- The Washington Times - Wednesday, August 6, 2008

ANALYSIS/OPINION:

COMMENTARY:

We are in the middle of an advertising revolution, driven by technology. Congress is up in arms over “behavioral advertising” online by companies like Google.

Targeted advertising helps fuel today’s flood of information, frictionless e-commerce, and the global blogger soapbox - so much so that it has become cliche to call the Internet one of the most important wealth-creating and democratizing technologies ever known.

Unfortunately, every new information technology advance stokes privacy fears - and marketing that tracks our online comings and goings is no different.

Behavioral advertising employs heretofore unexploited “tracking” capabilities of the Internet - which reminds us that there is more to the Internet than just the Web at any given juncture, and it’s only 2008.

The cries have become familiar. Is my data personally identifiable? Can it become so? Will my identity be stolen? And if a breach occurs, who will be punished?

Remember how angry we would get at receiving ads that were untargeted spam? Today, the ads are relevant, but we are still not satisfied.

Privacy is not a “thing” to legislate; it is a relationship expressed in countless ways. User preferences preclude one-size-fits-all privacy policy. Online, some hide behind digital gated communities; others parade before personal Webcams.

Trying to legislate would be exceedingly complex, as any law would need to contend with myriad questions. If online privacy is regulated, what about offline? Should the standard be opt-in or opt-out? Who defines “behavioral,” or “sensitive”? Should the federal government preempt state laws? What about non-commercial information collection?

Many companies, of their own accord, already follow principles much like the Federal Trade Commission’s (FTC) proposed opt-in for sensitive information, even when the information is not personally identifiable.

But the rise of the information society amid a “homeland security culture” is an unfortunate coincidence, as it has blurred the important distinction between public and private data. This has complicated things unnecessarily.

Total Information Awareness, CAPPSII and Real ID - such invasive government proposals undermine privacy by preventing data from being confined to an agreed-upon business purpose. Most of the time, government does not need to protect privacy, but to allow it in the first place. (One is reminded of the cartoon of Snoopy typing, “Dear IRS, Please remove my name from your mailing list.”)

An old joke holds that if McDonald’s were giving away free Big Macs in exchange for a DNA sample, there would be lines around the block. But consumers do care about safekeeping their personal information - and increasingly have the means to protect it.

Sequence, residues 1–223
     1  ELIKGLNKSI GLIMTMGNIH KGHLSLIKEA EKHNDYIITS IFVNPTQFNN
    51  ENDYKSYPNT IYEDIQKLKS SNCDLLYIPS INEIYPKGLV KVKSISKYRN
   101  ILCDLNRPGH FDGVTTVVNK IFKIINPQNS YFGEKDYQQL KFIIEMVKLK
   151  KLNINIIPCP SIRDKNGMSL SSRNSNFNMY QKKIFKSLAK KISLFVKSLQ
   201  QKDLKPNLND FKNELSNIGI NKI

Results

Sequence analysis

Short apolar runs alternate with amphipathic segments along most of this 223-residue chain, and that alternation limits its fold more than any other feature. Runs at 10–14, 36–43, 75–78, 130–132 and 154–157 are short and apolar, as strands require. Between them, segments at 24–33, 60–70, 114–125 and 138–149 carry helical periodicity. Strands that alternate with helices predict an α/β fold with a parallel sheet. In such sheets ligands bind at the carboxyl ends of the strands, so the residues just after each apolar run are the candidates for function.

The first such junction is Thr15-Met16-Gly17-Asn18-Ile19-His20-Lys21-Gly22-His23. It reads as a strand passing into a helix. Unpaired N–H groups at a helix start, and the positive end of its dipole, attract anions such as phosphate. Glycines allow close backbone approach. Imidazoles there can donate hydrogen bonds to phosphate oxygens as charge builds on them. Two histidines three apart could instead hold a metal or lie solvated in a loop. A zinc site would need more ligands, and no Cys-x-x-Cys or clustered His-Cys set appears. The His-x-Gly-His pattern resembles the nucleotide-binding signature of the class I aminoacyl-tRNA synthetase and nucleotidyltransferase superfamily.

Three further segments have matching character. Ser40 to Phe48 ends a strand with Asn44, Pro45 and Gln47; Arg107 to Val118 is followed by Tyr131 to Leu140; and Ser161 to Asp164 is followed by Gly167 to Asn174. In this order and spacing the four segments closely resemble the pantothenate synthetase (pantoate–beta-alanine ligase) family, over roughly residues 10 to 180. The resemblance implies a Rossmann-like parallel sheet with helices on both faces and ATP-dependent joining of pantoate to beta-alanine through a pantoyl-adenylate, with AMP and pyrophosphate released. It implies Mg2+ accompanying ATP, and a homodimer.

The Internet itself empowers consumers to vent their discontent - through blog backlashes against companies, for example. The result: Firms alter their information handling procedures without being told to by law. Consumers can also avoid certain sites, or use Anonymizer, Scroogle or TrackMeNot, and other such self-help tools. A federal mandate for “choice” isn’t persuasive when choice is increasingly the default.

The fury in the online privacy debate implies that real, unexploited market opportunities exist in providing online anonymity. A marketer does not necessarily want to know who you are, but how somebody like you acts.

No firm in a free market is lucky enough to “self-regulate,” as the FTC puts it. Firms (like Phorm and NebuAd) now under attack for peering too deeply into personal behavior online are regulated by the threat of consumer backlash, competition from rivals, non-cooperation by potential ISP partners, and discontent from investors. There is no such thing as no regulation - the choice is between political control or competitive discipline in a dynamic market.

Clamping down too hard will undermine what the Web can become. Tomorrow’s Web page will not look like today’s, as “widgets” scooping information from numerous sources become more routine and accepted.

Despite the accusations hurled against behavioral advertising, marketing to an unidentified customer is today’s goal. Therefore, privacy thrives best as a war between computer scientists competing to offer anonymity.

However, at the same time, there is great value in technologies that prevent others from posing as us - the opposite of anonymity. That is one reason we should be hesitant about outright bans on the use of personally identifiable data.

Meanwhile, we need improved cyber-insurance and enhanced liability to evolve in online commerce. Government regulation of privacy standards can short-circuit such innovation. Besides, the private sector needs “practice” for the really difficult cases like the future use of biometrics in online transactions.

Privacy policies are already legally binding. Therefore a realistic federal privacy agenda should:

• Target identity theft and computer crime;

• Enforce privacy policies;

• Remain neutral on technology;

• Keep compulsory databases separate from private ones;

• Stabilize government’s own insecure networks;

• Avoid mandates that undermine private security guarantees.

To protect consumers online, we must consciously avoid entrenching regulation such that effective private alternatives and institutions, however warranted, simply cannot emerge. Online marketers are today’s “Battered Business Bureau” - but they need battering by competitive discipline, rather than regulators.

Wayne Crews is vice president for policy at the Competitive Enterprise Institute in Washington, D.C. and co-editor of “Who Rules the Net?” (Cato Institute, 2003). He testified in the Senate on behavioral advertising in July.

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